Russia has brought in a new all-time high record harvest of 153mn-155mn tonnes of grain, President Vladimir Putin said during the visit to the Ulan-Ude Aviation Plant on March 14. (chart)
"The Agriculture Minister reported to me two days ago that [the harvest] is already about 153-155mn metric tonnes. This is actually the record throughout the contemporary history of Russia and nothing of the kind occurred in Soviet times, certainly within the RSFSR framework," Putin said.
This is the second year in a row that Russia has set a new record grain harvest, as it brought in another record 153.8mn tonnes in 2022, smashing the previous all-time high – for both modern and Soviet times – of 135.4mn tonnes.
The government has poured money into agriculture as it sought to become entirely autonomous in food production, as part of Putin’s efforts to sanction-proof the country ahead of a showdown with the West over Ukraine.
However, some analysts have raised a question mark over the extraordinary results as they coincide with the war in Ukraine, where Russia has been accused of stealing significant amounts of grain from Ukrainian farms and fields.
Both this year’s and last year’s results are some 20mn tonnes more than the previous record.
However, experts interviewed by bne IntelliNews say that while Russia certainly has stolen grain it has not stolen large enough amounts to change the harvest result noticeably.
Russia is believed to have pilfered between 400,000 and 600,000 tonnes, according to various estimates, much of which has been shipped and sold to Syria. Altogether Russia has stolen or destroyed some 4mn tonnes of Ukrainian grain and the war has led to the total production of grain by Ukrainian farmers falling by a third.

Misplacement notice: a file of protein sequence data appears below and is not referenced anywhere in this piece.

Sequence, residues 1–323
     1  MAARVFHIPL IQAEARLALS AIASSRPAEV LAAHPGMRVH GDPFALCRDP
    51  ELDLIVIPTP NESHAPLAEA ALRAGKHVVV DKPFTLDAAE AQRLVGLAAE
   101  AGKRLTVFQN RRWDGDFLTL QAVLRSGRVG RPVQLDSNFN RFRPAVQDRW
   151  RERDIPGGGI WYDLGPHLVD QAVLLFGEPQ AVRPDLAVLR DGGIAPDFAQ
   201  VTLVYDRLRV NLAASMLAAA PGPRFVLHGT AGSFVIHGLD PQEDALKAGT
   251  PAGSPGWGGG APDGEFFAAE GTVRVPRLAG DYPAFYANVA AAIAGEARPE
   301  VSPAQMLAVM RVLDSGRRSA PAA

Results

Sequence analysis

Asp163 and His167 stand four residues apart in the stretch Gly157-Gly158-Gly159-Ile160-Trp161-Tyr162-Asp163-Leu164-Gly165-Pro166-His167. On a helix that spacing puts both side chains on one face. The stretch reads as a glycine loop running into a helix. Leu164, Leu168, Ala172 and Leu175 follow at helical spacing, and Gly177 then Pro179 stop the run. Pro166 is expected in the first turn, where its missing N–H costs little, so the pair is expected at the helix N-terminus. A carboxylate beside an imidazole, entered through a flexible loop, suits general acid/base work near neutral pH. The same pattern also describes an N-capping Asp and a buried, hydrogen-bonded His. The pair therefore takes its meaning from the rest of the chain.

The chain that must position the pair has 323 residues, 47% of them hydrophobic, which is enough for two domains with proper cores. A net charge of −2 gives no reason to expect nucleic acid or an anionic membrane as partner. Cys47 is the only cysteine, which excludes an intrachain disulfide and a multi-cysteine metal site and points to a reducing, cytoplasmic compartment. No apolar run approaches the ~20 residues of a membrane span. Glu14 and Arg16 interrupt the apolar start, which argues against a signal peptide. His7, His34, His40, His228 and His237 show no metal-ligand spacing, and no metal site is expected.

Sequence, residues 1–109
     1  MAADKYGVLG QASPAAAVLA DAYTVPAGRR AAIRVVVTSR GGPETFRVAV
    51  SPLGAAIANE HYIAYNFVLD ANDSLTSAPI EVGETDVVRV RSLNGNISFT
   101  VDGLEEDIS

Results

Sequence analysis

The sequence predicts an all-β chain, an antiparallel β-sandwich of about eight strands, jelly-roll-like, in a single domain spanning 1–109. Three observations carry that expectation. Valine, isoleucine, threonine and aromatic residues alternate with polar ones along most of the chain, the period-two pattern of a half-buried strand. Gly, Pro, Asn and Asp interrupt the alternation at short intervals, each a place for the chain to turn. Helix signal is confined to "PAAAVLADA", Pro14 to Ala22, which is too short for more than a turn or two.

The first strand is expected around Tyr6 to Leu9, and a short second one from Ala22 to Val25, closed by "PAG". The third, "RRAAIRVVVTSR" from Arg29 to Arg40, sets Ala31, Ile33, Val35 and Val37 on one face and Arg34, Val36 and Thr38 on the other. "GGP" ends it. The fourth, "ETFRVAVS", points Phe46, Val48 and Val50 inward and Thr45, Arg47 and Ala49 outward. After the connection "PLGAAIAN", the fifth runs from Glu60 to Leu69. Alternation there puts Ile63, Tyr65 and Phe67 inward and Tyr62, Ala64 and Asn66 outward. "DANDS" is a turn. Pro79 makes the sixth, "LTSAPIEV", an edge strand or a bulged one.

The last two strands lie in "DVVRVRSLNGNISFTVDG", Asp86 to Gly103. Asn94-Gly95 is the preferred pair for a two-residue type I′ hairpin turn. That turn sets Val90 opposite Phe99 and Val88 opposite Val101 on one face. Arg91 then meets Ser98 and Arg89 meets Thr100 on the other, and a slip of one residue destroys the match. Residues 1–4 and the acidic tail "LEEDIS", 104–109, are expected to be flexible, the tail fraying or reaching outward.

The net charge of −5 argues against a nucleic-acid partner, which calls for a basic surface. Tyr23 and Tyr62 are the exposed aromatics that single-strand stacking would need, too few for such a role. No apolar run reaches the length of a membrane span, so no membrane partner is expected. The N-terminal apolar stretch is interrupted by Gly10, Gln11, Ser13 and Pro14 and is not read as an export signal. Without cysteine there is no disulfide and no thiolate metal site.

Russian and Ukrainian grain exports have become a key issue, as an interruption in the export of grain threatens the developing world with a new food crisis.
Russia said it will only extend the Black Sea grain corridor for 60 days in a new grain export deal on March 14, a decision that Ukraine says breaks the terms of the previous Istanbul grain deal that was renewed on November 17.
Moscow made the announcement on March 13 following a visit from UN Secretary-General António Guterres to Kyiv last week amidst concerns that Russia will fail to renew the agreement for another 120 days once it ends on March 18.
Russia claims the decision is because its fertiliser exports and agricultural interests are not being taken into consideration, saying that after the recent discussion “barriers still remain in the way of Russian agricultural exporters.”